Green Starters:Pickings of the Season
-Brian Whyte Sing
With the advent of Indrajatra, Dashain, and eventually Tihar, and with the monsoon humidity in recession, the lean offerings of vegetables and fruits are giving way to a harvest of limes, lemons, citrus fruits, aubergines, and green leafy vegetables that once more make their much awaited appearance on the vegetable stalls of the valley.
Quick and easy entertaining: wash, peel, and grate potatoes, mix in some timur-chhop. Heat oil in a small tapke or frying pan, add enough grated potato to spread over the bottom, and fry till crisp, turning when one side is done. On its own, this is good, but top with a fried egg and it makes for a great breakfast dish or snack.
Uppuma, Quick and Easy for that Unexpected Guest
Peel and finely dice one carrot; string some French beans and chop finely, mince half; and onion, green chillies, minced capsicum, a couple of cloves of garlic.
Heat oil in a kadai or wok; add a few curry leaves, then the carrot and beans, garlic, and green chillies. Add turmeric, about 1 teaspoon. Saute for about 3 minutes before adding suji. Fry a while before adding coconut milk, kept ready on the side. You may use the canned ones but I prefer to use the Thai powder dissolved in a little warm water. Keep adding water, stirring all the time, till the suji grains disappear into a paste. Fold in the chopped capsicum and onions and season with salt. Serve immediately.
Lemon Dessert Cups
Limes and lemons are aplenty and here’s an idea to stun your guests with an exotic dessert. Select medium sized yellow lemons, wash well, cut in half, and squeeze the juice. Reserve the juice, and scooping out the pith in the shell, discard this and place the shells in a pot of cold water. Bring to the boil, drain, add more cold water, and repeat at least 3 times—this will remove the bitter taste of the peel. Make up a syrup of sugar and water (1 cup water to 1/2 cup sugar), add cinnamon bark if you wish, and boil till the peel absorbs the syrup.
Remove, drain, and stand to dry in a discarded egg tray, allowing time for it to cool completely. While this is happening, whip one egg into the reserved juice, add sugar to taste and a tablespoon of butter, and over a low fire, whisk till well blended. To thicken quickly, add some vanilla custard powder dissolved in cold water, and blend into the lemon juice mixture. Stir till it thickens to a setting point but not too hard. Into the cold ‘cups’, pour the lemon custard, whisking if it cools too quickly, and allow to set in the shells. Refrigerate. To serve, whip some cream, place a dollop in the center of the cup, garnish with a mint leaf. If chocolate is your hang-up, you might spread a little chocolate sauce on the bottom of the serving plate and place the cup on it.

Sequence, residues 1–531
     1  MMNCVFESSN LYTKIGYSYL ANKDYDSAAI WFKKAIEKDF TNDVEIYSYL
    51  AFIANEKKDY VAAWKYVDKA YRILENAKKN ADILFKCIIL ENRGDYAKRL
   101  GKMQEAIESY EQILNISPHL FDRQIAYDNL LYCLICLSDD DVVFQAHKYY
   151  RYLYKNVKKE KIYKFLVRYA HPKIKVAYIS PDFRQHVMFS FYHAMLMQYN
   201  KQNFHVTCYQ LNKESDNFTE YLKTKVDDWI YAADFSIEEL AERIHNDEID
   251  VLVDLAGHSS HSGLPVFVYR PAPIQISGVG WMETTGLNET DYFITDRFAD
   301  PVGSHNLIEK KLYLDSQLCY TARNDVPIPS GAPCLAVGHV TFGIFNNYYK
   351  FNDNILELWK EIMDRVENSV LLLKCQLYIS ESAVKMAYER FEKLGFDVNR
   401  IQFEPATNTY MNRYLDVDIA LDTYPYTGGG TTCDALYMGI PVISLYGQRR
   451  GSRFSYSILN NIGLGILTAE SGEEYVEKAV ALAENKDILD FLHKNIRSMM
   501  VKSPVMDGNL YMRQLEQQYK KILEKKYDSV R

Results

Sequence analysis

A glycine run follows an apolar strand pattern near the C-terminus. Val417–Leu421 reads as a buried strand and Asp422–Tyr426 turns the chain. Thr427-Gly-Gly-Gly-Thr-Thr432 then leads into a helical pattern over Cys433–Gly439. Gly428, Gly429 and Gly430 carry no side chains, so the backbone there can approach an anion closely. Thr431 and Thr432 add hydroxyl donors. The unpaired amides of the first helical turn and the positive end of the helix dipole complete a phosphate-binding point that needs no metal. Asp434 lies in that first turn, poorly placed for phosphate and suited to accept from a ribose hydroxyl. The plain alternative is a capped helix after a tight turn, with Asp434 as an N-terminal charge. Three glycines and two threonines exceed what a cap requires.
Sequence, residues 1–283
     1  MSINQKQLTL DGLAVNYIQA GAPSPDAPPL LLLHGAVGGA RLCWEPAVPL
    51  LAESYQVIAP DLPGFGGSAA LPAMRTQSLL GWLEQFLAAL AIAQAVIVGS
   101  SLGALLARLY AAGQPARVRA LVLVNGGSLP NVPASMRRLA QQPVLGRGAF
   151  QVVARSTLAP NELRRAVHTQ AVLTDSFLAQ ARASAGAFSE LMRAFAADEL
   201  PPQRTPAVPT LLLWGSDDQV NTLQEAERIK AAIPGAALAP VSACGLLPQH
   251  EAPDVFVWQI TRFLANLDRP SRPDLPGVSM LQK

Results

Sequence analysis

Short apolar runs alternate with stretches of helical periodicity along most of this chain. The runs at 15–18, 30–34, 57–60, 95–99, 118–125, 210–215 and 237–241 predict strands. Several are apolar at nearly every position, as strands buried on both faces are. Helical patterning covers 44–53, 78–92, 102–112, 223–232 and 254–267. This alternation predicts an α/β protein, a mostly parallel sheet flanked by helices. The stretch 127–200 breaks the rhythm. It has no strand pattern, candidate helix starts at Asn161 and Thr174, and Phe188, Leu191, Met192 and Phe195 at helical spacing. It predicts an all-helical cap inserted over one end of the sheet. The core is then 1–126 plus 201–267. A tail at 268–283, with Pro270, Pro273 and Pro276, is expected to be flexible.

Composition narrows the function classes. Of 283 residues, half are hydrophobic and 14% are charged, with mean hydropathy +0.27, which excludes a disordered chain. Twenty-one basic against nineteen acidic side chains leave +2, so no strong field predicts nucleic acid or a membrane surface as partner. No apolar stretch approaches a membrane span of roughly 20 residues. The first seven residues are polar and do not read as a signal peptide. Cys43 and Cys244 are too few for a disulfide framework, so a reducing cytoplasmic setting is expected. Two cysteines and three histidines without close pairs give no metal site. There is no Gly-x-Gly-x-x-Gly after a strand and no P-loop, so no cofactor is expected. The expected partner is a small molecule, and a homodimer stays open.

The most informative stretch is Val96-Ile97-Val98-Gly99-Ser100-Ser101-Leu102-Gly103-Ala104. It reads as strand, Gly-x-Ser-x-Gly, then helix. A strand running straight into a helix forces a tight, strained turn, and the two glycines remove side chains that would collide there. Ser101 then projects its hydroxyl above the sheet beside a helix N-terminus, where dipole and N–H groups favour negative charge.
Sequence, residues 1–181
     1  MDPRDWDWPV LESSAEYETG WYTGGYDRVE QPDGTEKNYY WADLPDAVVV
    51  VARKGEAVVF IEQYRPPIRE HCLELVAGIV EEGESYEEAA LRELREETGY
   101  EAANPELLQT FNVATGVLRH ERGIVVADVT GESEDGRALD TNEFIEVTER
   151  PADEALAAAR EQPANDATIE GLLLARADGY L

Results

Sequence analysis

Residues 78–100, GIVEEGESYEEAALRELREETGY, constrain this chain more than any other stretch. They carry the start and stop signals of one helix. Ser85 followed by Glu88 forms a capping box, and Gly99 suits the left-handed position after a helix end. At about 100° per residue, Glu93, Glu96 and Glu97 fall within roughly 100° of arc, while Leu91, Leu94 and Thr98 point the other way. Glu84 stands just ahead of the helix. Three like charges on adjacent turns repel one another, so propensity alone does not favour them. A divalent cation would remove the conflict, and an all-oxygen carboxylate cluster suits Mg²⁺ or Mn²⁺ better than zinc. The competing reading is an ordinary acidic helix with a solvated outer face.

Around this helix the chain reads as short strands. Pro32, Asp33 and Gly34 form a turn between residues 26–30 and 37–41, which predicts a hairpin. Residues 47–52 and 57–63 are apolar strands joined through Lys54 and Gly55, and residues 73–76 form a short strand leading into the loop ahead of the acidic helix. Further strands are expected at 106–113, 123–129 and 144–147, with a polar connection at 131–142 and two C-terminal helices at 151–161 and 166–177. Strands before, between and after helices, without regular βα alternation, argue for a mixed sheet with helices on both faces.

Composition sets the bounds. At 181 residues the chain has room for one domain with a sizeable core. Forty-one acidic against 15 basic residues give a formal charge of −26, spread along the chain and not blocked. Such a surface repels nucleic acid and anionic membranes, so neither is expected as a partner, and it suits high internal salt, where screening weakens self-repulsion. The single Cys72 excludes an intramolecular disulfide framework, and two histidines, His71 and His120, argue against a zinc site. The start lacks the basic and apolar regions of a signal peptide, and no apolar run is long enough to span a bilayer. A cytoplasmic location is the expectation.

P.S. This works with tangerines (suntala), jameer, and other citrus fruits though I do not suggest pomelo!
Your choice of ‘saag’; wash, clean, and pick them off the stems, saut in a little oil till tender, then pulverize in a blender or chop very finely. Make up your batter for crepes: whisk two eggs with a cup of milk, 2/3 cup of flour, pinch of salt, and 1 /2tsp vegetable oil, and then blend in the chopped/pulverized greens. Correct seasoning and let stand for an hour. Grease a frying pan; I dip a piece of kitchen paper or tissue into a bowl of oil and wipe the frying pan. Ladle in enough batter and swirl to cover the base of the pan. Pour off the remainder. The crepe is ready when the sides leave the edge of the pan. Lift carefully and gently take out, and stack on a platter.
These may be eaten with a spread of butter but can be filled with your choice of a filling—egg salad, scrambled eggs, tuna mayonnaise, or grated paneer sauted with a little onion, garlic, dash of pepper, and so on.
Brian is a tourism consultant and an avid cook. He makes and sells varieties of pickles, jams, jellies, and marmalades all prepared at his home. He can be contacted at email@example.com or 98101056094, 9851056094